Logic tells us that carrying charges should be invoiced to the components stored, on an individual basis, in accordance with storage time. The advantage of invoicing the carrying charges to stocks in storage would be to show the gradual cost increase of goods kept in storage for long periods. Actual practice, however, is quite different in that:

5.3 “Pre-workstation” processing costs

Let us consider a plant in which milk reception and pasteurization follow the pattern outlined in principle No. 1.

In this case cost accounting should be able to provide the head of the undertaking with the following data:

5.3.1 Division into sub-sections

The category “pre-workstation” might be divided into the following sub-sections: - “Tank reception” - “Can reception” - “Cooling” - “Cooled milk storage” - “Pasteurization - Standardization” - “Homogenization” - “Storage and distribution” “Tank reception” sub-section

The only equipment under this section will be the number 1 centrifugal pump.

The costs of this sub-sector will be added to those of the tank collection sub-sector for comparison of overall costs for bulk collection with overall costs for can collection.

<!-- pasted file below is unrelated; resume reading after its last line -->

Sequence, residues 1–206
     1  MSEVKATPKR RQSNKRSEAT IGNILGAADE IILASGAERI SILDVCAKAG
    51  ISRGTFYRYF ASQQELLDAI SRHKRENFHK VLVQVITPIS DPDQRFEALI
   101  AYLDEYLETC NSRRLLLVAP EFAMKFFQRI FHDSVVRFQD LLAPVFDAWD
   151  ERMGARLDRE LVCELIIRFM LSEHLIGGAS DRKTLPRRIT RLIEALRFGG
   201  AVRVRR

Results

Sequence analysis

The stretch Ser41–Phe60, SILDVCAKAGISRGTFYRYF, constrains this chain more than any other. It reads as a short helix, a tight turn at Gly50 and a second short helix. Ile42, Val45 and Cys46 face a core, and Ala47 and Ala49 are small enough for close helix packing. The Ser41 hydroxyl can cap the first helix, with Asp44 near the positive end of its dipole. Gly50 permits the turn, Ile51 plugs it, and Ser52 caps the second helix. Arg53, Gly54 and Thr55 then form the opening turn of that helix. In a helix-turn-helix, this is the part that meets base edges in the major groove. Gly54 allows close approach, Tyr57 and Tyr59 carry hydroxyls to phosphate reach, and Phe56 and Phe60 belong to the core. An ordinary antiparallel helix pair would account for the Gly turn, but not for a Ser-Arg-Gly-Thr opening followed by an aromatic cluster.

The costs of this sub-sector may be broken down as indicated in Table 5 below.

Table 5

- Depreciations: - centrifugal pump &hellip&hellip
    - engineering &hellip&hellip
    - fixtures &hellip&hellip
- Supervisory and executive staff &hellip&hellip
- Invoicing structural costs &hellip&hellip
TOTAL FIXED COSTS &hellip&hellip
- Direct labour costs &hellip&hellip
- Maintenance costs &hellip&hellip
- Office supplies and miscellaneous &hellip&hellip
- Power &hellip&hellip
- Stationary cleaning apparatus &hellip&hellip
SUB-SECTION COST OF ONE LITRE OF MILK &hellip&hellip “Can reception” sub-section

Included in this sub-section are depreciation on the following equipment:

Can depreciation generally tends to be included under collection costs rather than under this sub-sector.

The costs of this sub-sector can be broken down as indicated in Table 6 below.

Table 6

Depreciation: - equipment &hellip&hellip
  - engineering &hellip&hellip
  - fixtures &hellip&hellip
Supervisory and executive &hellip&hellip
Invoicing for structural costs &hellip&hellip
TOTAL FIXED COSTS &hellip&hellip
Direct labour costs &hellip&hellip
Regular maintenance &hellip&hellip
Consumption: - water &hellip&hellip
  - power &hellip&hellip
  - steam &hellip&hellip
Cleaning agents &hellip&hellip
Office materials and miscellaneous &hellip&hellip
Table 7


  Can reception Tank reception
Refrigeration &hellip&hellip &hellip&hellip
Collection &hellip&hellip &hellip&hellip
Reception &hellip&hellip &hellip&hellip
TOTAL FIXED COSTS &hellip&hellip &hellip&hellip